Element celebrates The Great Facebook Outage with a Signal bridge for Matrix

Kudos given to Signal. Not so much for Facebook and Whatsapp


Interview Matrix-based communications and collaboration app Element has continued its mission to make bridges into the decentralised network a little more commercially acceptable with connectivity for Signal.

The update follows bridges for the likes of Teams, Slack and – recently – WhatsApp. The timing is interesting considering the recent woes of the Facebook tentacle.

Amandine Le Pape, co-founder of Element, had already given WhatsApp a jab with the privacy blade the last time we spoke and Element's CEO, Matthew Hodgson, joined the party during our chat about the Signal bridge.

"It's kind of unfortunate that clearly Facebook have technically tried to integrate WhatsApp and Instagram as tightly as they possibly can together," he observed.

"I can't possibly imagine why," he added, with a smile.

We could take a wild guess.

The rumour mill has run wild during the self-inflicted outage, with stories of engineers being locked out of data centres doing the rounds. Hodgson noted that he'd heard of staffers frantically trying to set up a Matrix platform to coordinate the response to the incident.

Element has had its own issues in recent weeks, although nothing on the scale of Facebook's incident. A vulnerability disclosed last month resulted in the potential for the exposure of encrypted messages on the network. Hodgson told us that the vulnerability had been found by the in-house security team and that no exploits had been detected.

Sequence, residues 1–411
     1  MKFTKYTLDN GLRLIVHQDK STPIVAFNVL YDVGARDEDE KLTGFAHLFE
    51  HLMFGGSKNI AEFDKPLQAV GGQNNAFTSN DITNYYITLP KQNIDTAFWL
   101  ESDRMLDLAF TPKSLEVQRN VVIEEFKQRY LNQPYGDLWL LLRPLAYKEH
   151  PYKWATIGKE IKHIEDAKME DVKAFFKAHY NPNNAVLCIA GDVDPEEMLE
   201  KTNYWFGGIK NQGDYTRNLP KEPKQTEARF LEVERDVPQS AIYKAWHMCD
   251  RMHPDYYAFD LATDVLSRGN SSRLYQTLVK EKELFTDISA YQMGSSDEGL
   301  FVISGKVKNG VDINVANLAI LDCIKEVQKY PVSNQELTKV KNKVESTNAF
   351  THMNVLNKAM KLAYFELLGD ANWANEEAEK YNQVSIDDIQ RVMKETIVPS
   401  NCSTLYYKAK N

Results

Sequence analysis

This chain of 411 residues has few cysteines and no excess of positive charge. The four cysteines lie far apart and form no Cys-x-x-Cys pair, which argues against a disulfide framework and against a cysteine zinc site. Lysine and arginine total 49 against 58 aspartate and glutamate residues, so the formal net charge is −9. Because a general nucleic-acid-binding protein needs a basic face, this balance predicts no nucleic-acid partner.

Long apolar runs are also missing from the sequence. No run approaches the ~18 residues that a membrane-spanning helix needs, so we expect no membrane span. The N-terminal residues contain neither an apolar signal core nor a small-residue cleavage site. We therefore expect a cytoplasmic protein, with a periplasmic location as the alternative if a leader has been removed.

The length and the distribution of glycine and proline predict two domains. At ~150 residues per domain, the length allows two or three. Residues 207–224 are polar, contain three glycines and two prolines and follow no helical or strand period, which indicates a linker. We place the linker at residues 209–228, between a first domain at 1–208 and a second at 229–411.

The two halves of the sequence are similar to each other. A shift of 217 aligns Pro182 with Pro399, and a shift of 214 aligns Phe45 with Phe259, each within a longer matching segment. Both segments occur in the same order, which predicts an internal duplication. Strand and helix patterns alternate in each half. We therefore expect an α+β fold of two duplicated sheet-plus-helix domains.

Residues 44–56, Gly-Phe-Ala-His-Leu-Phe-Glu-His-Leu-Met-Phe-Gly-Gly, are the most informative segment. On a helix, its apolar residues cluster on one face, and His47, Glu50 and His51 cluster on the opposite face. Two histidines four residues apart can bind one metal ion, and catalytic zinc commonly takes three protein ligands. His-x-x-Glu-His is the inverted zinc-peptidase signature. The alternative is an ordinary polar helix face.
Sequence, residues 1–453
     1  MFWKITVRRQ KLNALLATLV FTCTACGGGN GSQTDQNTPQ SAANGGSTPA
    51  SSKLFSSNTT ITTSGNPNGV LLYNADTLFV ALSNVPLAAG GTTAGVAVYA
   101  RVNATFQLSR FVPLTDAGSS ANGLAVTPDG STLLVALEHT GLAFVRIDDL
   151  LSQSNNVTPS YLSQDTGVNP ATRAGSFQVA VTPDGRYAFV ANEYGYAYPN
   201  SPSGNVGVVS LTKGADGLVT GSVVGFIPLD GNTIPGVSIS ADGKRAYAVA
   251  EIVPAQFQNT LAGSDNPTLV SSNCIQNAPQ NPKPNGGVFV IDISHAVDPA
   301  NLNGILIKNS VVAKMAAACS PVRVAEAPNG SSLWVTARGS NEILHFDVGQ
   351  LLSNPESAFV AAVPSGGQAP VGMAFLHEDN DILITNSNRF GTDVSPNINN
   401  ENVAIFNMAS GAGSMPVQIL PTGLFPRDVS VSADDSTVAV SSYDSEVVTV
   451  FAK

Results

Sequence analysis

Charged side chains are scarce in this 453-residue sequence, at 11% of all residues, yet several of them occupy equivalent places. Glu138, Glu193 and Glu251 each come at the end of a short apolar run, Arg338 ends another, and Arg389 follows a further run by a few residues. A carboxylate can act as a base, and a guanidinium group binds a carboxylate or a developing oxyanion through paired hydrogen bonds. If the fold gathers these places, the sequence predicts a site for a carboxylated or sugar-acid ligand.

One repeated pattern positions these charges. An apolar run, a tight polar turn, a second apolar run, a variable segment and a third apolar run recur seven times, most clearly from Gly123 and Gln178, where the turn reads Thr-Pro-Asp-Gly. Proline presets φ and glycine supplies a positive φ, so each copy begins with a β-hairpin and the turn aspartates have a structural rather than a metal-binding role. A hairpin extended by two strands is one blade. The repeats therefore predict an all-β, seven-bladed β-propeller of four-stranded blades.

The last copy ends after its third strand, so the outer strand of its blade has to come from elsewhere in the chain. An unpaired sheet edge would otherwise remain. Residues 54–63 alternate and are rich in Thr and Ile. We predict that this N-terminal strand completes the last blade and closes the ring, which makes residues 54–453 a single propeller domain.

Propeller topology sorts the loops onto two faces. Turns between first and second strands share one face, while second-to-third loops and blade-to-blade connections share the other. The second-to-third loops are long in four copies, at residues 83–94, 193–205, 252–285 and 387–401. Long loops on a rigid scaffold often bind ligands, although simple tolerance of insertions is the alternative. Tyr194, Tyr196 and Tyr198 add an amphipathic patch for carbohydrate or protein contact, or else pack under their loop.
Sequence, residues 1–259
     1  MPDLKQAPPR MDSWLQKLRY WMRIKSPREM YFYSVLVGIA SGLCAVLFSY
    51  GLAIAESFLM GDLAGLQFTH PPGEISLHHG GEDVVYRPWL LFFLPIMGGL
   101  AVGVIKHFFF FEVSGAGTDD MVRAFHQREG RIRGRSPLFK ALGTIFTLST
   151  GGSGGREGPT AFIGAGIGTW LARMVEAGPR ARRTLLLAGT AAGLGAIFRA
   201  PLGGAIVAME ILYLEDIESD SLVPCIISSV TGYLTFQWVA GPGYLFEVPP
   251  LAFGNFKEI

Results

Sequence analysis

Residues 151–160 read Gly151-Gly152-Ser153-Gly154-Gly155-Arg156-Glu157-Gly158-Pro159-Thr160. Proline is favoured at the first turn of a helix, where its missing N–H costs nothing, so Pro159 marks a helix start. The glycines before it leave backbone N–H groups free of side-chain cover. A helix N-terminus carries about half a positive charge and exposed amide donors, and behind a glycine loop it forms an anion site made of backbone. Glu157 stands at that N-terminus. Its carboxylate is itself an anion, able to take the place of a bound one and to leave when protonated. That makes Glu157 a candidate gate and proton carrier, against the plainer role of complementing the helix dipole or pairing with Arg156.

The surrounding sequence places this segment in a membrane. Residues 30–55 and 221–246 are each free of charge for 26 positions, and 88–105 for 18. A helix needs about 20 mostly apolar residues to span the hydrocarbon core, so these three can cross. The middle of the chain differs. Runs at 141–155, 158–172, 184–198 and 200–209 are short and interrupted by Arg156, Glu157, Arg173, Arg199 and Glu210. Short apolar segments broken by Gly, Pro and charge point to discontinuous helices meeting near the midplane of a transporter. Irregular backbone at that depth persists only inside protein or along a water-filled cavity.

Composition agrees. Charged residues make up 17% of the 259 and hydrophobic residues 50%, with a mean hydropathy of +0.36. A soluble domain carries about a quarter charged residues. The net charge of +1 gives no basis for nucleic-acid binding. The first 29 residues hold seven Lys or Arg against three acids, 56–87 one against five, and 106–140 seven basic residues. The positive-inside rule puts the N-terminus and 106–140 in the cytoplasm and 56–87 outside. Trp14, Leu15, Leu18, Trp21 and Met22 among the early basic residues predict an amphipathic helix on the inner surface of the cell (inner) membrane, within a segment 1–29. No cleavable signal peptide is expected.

Still, it's not an ideal situation and required a coordination with more Matrix clients than just Element itself in order to deal with the issue. "About two-thirds of them had fallen into the same trap," Hodgson observed.

The next generation SDK is written in Rust and apparently not vulnerable.

It could be worse. They could have done something like cocking up a Border Gateway Protocol (BGP) configuration change and stopped thousands of mad Uncles and Aunts spouting conspiracy theories for six hours (*cough* Facebook *cough*).

As for Signal, Element noted that both it and Matrix provide end-to-end encrypted communication. "We'd even go so far as to say," the company added, "that if you *wanted* to put all your messaging eggs into one centralised walled garden basket, Signal is probably the most sensible option. It doesn't have an ad-funded business model, and it doesn't productise its users."

That said, Element reckoned its product was better suited for enterprise users and those seeking to avoid the dreaded shadow IT.

As with the other bridges provided (at a fee) by Element, Signal users appear as Matrix users once they are connected.

Sadly, however, it's limited to messaging at present. Le Pape said that voice and video were "on the roadmap, but it's a bit more tricky."

Hodgson concurred, adding that native voice and video would be both end-to-end encrypted and scalable within Matrix itself. Also on the cards are indicators to better show when messages are being queued when the target system has a Facebook-esque whoopsie.

WhatsApp's woes have inadvertently demonstrated the benefits of a decentralised messaging system like Matrix. The addition of yet another supported bridge via Element is therefore to be welcomed. ®


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